Parents should familiarize themselves with the different forms of bullying that a child with special needs may experience:
Manipulative bullying: This form of bullying occurs when a child with special needs is actually being coerced and controlled by another student.
Conditional friendship: This form of bullying occurs when a child thinks that someone is being their friend, but the times of “friendship” are alternated with times of bullying.
Exploitative bullying: This form of bullying occurs when the features of the child’s condition are used to bully them either by other classmates or via technology and social media networks.
The Matrix Parents Network, a nonprofit in Marin County, Calif., serves as a resource to parents in the education and prevention of bullying. It was founded in 1983 when three mothers gathered around a kitchen table to share the challenges, heartbreak and frustrations of raising children with special needs. At that time, no organizations existed for a family in crisis to turn to for compassion, encouragement, support or information. Forming a network of parents , they decided to educate, support and encourage families who were facing the same challenges that they had faced alone.
Stephanie Steiner, the director of The Matrix Parents Network stated that “without timely and appropriate intervention, students with disabilities who experience bullying will have increased problems that will likely make it more difficult to meet their special needs. Parents must always intervene.”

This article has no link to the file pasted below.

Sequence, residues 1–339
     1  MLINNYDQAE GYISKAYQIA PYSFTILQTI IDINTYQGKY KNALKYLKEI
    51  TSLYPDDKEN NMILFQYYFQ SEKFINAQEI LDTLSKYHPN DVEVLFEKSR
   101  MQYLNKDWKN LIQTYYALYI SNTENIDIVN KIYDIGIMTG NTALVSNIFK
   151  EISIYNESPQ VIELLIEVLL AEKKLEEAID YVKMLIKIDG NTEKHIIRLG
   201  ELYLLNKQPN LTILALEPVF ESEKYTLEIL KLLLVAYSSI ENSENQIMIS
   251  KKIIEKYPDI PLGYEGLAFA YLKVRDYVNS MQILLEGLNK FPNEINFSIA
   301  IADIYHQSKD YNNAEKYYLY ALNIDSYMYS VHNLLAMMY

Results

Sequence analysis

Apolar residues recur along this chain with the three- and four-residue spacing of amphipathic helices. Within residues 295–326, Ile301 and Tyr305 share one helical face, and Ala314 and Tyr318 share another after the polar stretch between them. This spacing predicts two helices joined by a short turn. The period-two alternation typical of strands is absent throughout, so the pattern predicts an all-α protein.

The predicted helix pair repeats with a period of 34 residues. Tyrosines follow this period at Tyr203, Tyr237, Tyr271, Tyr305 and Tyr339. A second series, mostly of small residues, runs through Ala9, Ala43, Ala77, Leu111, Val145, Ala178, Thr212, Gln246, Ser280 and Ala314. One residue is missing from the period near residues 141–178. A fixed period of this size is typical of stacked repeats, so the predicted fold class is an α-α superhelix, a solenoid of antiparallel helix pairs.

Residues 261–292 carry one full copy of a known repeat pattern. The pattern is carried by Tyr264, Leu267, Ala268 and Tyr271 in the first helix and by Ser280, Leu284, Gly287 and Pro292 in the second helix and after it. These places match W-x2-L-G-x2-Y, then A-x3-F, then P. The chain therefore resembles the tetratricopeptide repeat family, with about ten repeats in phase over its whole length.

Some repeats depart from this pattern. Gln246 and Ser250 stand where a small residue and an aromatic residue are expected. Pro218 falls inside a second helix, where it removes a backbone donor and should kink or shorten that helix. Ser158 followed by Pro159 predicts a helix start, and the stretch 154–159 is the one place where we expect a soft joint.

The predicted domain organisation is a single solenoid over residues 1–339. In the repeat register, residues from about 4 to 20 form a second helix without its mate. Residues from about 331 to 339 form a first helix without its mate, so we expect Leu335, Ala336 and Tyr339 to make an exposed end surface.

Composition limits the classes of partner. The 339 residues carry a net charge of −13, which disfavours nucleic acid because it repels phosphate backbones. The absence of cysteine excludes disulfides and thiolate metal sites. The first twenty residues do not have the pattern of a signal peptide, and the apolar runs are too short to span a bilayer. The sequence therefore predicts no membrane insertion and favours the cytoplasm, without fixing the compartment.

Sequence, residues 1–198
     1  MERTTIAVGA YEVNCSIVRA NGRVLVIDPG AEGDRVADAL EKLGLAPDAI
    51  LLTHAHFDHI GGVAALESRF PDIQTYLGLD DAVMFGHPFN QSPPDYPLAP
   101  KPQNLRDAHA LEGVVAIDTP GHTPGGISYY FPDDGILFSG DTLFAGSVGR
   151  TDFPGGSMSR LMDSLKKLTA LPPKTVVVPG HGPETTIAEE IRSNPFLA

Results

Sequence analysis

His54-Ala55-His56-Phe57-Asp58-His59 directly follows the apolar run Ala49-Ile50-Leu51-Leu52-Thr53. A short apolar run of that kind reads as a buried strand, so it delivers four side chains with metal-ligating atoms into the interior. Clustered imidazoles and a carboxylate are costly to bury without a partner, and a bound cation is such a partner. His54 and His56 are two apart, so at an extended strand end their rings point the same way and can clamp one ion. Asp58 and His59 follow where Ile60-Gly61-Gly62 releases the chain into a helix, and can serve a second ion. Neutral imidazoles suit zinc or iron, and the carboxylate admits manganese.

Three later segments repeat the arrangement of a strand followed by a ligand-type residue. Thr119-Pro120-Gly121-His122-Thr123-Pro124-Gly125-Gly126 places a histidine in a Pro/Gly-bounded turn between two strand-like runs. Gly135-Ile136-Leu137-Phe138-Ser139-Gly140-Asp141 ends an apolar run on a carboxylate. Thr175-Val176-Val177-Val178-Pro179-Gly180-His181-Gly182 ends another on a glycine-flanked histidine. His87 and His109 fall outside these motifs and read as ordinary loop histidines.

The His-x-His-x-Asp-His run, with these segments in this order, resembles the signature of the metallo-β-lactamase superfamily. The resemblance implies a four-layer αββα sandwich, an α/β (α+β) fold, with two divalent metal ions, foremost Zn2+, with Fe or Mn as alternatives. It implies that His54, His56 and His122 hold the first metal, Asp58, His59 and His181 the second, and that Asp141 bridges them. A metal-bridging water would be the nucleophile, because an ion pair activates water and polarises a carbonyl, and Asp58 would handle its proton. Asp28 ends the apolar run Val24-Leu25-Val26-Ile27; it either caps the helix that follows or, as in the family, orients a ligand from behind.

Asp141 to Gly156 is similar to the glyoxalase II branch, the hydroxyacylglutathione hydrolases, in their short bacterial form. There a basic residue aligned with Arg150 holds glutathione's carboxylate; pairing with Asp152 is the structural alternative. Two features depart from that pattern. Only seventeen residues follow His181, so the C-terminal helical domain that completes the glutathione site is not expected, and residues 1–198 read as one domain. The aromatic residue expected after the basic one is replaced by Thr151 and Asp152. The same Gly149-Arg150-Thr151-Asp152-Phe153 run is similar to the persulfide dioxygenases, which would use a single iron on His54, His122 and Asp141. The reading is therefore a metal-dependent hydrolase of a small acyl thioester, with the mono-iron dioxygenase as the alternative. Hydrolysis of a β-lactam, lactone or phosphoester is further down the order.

Matrix was founded upon the belief that parents can and must be the primary managers and advocates of their child with special needs. It is one of 100 Parent Training and Information Centers (PTIs) nationwide, which provide training and information to parents of infants, toddlers, children and youth with all types of disabilities – physical, cognitive, emotional and learning.
The following are best practices for parents recommended by The Matrix Parents Network:
- Be aware that students often feel that adult intervention is infrequent and unhelpful and, as such, fear that telling adults will only bring more harassment from bullies.
- Be observant of a child’s behavior, appearance and moods, particularly if one thinks that a child is ‘at risk’ for being bullied. If a child is reluctant to attend school, investigate why and consider a negative social experience as one reason.
- If a parent suspects something is wrong, talk with the child. Children can be reluctant to speak up for fear of retaliation or because they don’t want to “tattletale.” Whether it’s a parent or the child who initiates the conversation, speak openly and honestly – and listen! Keep the conversation at a level a child can understand. Remember that every child is different, what may not bother one child, might be extremely detrimental to another.
- Don’t blame the child. Be supportive, loving and patient. Take his/her story seriously. Let him/her know that it’s not his/her fault and that appropriate action will be taken.
- Get details from the child about the incident(s). Try not to direct his/her responses, but ask pertinent questions about what happened and how he/she felt/feels. Let the child know that appropriate confidentiality will be kept, but that keeping bullying a secret is not good for anyone. Tell the child that he/she has the right to be safe.
- Stay focused on the child and the issue. Though a parent will likely be upset and/or angry for the child, over reacting (or under reacting) can make things more stressful for a child. Allowing emotions to ‘take over’ can also make an objective assessment of the situation more difficult. Keeping an emotional response in check will help one better support and advocate for the child.
- If appropriate, problem solve or brainstorm intervention strategies with the child. Giving him/her relevant information, such as the definition of bullying, at a level he/she can understand, can be helpful as well.
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